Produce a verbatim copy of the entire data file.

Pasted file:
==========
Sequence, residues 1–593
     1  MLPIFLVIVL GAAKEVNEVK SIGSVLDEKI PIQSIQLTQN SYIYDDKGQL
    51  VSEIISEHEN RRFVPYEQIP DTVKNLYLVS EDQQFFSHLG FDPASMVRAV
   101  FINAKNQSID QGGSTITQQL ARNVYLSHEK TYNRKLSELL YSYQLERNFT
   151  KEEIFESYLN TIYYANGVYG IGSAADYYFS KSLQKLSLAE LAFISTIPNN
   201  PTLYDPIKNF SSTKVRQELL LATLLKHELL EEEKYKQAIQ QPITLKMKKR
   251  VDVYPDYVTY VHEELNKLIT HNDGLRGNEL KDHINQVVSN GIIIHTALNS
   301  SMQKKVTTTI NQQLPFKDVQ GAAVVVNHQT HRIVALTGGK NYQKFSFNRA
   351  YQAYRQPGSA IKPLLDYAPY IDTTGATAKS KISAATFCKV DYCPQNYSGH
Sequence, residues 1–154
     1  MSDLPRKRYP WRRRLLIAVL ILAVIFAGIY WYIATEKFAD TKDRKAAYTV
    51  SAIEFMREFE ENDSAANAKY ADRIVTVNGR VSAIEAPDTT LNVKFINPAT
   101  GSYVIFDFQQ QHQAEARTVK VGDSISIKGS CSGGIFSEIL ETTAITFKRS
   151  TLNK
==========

Sequence, residues 1–593
     1  MLPIFLVIVL GAAKEVNEVK SIGSVLDEKI PIQSIQLTQN SYIYDDKGQL
    51  VSEIISEHEN RRFVPYEQIP DTVKNLYLVS EDQQFFSHLG FDPASMVRAV
   101  FINAKNQSID QGGSTITQQL ARNVYLSHEK TYNRKLSELL YSYQLERNFT
   151  KEEIFESYLN TIYYANGVYG IGSAADYYFS KSLQKLSLAE LAFISTIPNN
   201  PTLYDPIKNF SSTKVRQELL LATLLKHELL EEEKYKQAIQ QPITLKMKKR
   251  VDVYPDYVTY VHEELNKLIT HNDGLRGNEL KDHINQVVSN GIIIHTALNS
   301  SMQKKVTTTI NQQLPFKDVQ GAAVVVNHQT HRIVALTGGK NYQKFSFNRA
   351  YQAYRQPGSA IKPLLDYAPY IDTTGATAKS KISAATFCKV DYCPQNYSGH
Sequence, residues 1–154
     1  MSDLPRKRYP WRRRLLIAVL ILAVIFAGIY WYIATEKFAD TKDRKAAYTV
    51  SAIEFMREFE ENDSAANAKY ADRIVTVNGR VSAIEAPDTT LNVKFINPAT
   101  GSYVIFDFQQ QHQAEARTVK VGDSISIKGS CSGGIFSEIL ETTAITFKRS
   151  TLNK